JonR Member

    Messages:
    12,137
    Joined:
    Sep 24, 2007
    Location:
    London
    Yes, a lot of Floyd tunes are good, because the chords tend to be simple, and the tempos often slow, so each chord lasts a while. Such as:
    Wish You Were Here
    Comfortably Numb
    Breathe

    Early Eagles would be another good source of straightforward chord sequences, nothing too fancy.
     
  8. JackStraw12

    JackStraw12 Supporting Member

    Messages:
    4,611
    Joined:
    Nov 30, 2010
    Location:
    Denver
    Hey there,

    Good for you for learning! I too am starting still, and I found that closed back headphones help a lot. As far as music goes, I always warm up with some Toots and the Maytals.
     
  9. jay42

    jay42 Member

    Messages:
    6,800
    Joined:
    Dec 20, 2006
    Location:
    Sandy Eggo
    Creedence Clearwater Revival is great for major chord stuff. The Beatles can get really complicated harmonically. I would advise anyone who loves them to start with the Hal Leonard white book. I don't what it costs now, but I got mine for $59 from Amazon. There are mistakes, but usually it's a matter of the tab not matching the notes...either can be wrong.
     
  10. JPF

    JPF Member

    Messages:
    8,601
    Joined:
    Jan 4, 2002
    Location:
    New England
    REM and the Kinks have some easy and fun to play songs as well
     
  11. blissop

    blissop Member

    Messages:
    34
    Joined:
    Oct 10, 2014
    Thanks everybody for the suggestions! I learned No Expectations by the Stones and it's super easy; only 3 chords haha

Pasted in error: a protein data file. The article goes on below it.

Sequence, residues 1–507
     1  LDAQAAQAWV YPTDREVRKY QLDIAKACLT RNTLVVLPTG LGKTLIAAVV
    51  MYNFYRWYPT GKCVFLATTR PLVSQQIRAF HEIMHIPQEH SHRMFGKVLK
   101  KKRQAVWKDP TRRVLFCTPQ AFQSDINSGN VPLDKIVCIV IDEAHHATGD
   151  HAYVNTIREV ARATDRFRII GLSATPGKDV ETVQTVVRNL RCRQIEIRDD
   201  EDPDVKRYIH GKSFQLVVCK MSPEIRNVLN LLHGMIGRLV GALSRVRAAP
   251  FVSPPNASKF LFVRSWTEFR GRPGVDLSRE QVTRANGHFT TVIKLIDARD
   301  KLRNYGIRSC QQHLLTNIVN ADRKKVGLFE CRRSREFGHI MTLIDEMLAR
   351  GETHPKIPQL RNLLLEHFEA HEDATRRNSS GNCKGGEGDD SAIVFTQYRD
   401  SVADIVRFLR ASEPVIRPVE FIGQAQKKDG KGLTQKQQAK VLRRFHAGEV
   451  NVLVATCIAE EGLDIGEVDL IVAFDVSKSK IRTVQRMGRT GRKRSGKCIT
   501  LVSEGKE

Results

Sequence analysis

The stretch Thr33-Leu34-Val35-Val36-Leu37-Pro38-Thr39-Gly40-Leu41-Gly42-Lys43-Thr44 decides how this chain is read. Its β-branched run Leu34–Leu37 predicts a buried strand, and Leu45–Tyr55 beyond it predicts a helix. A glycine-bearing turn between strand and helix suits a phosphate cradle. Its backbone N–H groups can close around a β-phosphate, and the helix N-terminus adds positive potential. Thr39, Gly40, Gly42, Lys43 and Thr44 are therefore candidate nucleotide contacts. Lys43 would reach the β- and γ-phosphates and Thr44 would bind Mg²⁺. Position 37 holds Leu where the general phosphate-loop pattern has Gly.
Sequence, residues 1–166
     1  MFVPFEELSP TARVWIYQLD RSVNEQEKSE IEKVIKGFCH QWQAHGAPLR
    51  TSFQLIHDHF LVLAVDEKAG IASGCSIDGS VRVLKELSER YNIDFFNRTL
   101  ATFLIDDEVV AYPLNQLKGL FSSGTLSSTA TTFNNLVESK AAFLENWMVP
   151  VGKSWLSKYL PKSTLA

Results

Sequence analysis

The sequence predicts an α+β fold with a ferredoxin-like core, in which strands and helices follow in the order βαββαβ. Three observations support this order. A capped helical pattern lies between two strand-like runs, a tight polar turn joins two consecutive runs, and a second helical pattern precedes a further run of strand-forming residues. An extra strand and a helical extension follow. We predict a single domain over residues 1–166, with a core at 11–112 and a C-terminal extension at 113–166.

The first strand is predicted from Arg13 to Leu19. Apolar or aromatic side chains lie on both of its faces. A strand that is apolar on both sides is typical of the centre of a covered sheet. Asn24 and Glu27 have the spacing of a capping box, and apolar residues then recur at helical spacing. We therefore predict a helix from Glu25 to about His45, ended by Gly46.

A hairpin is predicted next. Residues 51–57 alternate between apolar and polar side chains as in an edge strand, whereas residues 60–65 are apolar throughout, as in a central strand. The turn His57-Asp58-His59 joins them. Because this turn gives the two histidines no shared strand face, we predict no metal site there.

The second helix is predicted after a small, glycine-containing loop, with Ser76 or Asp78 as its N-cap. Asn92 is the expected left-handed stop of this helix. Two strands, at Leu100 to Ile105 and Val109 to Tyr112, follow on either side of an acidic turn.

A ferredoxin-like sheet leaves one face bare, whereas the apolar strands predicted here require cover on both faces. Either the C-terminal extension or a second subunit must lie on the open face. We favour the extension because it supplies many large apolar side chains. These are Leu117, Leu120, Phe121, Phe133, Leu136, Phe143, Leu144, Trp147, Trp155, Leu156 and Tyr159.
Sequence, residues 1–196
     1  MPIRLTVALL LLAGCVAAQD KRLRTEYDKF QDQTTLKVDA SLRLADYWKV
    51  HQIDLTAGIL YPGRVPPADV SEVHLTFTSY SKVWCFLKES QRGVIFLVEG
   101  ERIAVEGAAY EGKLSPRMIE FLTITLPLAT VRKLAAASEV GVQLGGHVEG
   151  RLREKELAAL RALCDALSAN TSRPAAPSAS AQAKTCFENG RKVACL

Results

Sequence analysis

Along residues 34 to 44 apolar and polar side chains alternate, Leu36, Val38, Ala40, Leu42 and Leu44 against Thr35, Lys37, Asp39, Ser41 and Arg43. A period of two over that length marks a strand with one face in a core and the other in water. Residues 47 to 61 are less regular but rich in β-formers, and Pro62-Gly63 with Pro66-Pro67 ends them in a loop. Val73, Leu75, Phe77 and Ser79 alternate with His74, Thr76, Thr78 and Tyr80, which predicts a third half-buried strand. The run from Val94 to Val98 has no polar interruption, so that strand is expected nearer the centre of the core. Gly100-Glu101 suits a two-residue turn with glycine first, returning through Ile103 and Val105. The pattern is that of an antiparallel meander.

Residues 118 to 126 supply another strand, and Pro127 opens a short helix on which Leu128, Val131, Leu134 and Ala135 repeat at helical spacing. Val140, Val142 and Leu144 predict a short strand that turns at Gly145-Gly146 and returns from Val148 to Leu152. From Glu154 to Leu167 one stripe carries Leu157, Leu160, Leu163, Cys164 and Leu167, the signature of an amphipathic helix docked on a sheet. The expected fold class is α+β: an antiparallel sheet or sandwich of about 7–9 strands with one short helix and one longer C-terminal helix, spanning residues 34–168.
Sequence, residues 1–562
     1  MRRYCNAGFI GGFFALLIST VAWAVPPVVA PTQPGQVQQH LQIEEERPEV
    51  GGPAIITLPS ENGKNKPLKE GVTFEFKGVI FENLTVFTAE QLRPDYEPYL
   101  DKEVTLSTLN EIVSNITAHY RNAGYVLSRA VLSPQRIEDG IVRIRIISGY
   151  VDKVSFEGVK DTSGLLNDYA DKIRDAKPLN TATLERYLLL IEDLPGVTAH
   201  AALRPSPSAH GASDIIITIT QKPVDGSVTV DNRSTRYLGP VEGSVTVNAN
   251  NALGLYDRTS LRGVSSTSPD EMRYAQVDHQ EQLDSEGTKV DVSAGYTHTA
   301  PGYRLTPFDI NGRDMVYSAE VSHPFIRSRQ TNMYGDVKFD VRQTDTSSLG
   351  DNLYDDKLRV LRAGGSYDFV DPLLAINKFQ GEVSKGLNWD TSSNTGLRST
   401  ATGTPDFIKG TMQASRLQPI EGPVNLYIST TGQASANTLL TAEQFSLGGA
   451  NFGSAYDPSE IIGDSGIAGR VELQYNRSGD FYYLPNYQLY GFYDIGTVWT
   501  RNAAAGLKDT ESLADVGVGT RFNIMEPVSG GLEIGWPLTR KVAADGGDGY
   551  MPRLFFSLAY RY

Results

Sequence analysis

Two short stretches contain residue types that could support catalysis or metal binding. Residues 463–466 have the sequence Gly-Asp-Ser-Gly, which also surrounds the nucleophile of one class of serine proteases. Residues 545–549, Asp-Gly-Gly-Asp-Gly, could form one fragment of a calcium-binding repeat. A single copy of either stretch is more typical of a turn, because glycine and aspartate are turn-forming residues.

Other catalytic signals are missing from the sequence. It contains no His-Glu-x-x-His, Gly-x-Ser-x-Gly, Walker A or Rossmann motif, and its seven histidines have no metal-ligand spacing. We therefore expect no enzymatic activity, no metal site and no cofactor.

12. Turi

    Turi Member

    Messages:
    9,517
    Joined:
    Jan 2, 2011
    I'll back the Buddy Holly suggestion.

    The songs are great, the chords are simple, the lead lines are up front in the mix enough to easily distinguish them from any rhythm guitar stuff.

    There's also some cool rhythms and stuff to be found.

    Check out Not Fade Away and Oh Boy!

    Both are achievable for a noob (I did it lol).
     
  13. dewey decibel

    dewey decibel Member

    Messages:
    9,365
    Joined:
    Apr 12, 2005
    Location:
    we eat a lot of cheese and drink a lot of beer
    I would just put on the oldies station and play to whatever came on. Doo-wop and classic R&B to early rock and roll and british invasion. Lots of straight forward chord changes with classic arrangements. Now oldies radio is '70s classic rock, maybe you can find an internet or satellite radio station.
     
  14. fusgtr

    fusgtr Member

    Messages:
    19
    Joined:
    Oct 20, 2008
    Location:
    Athens, Greece
    Beatles - Let It Be, in C & also learn the guitar solo, in C major pentatonic (Am pentatonic)
    Animals - House Of The Rising Sun, in Am
    John Lennon - Imagine, in C
    Rolling Stones - Satisfaction, great all time classic riff
     
  15. lhallam

    lhallam Member

    Messages:
    15,904
    Joined:
    Mar 4, 2004
    Location:
    Lost
    Here are some common progressions to listen for:

    I IV V
    I V IV
    V IV I

    I vi IV V
    I vi ii V

    I VII
     
  16. stevel

    stevel Member

    Messages:
    12,954
    Joined:
    Apr 6, 2008
    Location:
    Hampton Roads, Virginia
    Surf (well, not Dick Dale to start!) and 60s instro.

    The Shadows and The Ventures.

    Usually pretty simple accompaniments and with very obvious melody lines that aren't too difficult.
     
  17. blissop

    blissop Member

    Messages:
    34
    Joined:
    Oct 10, 2014
    Thanks :) I'll check it out.
     

Share This Page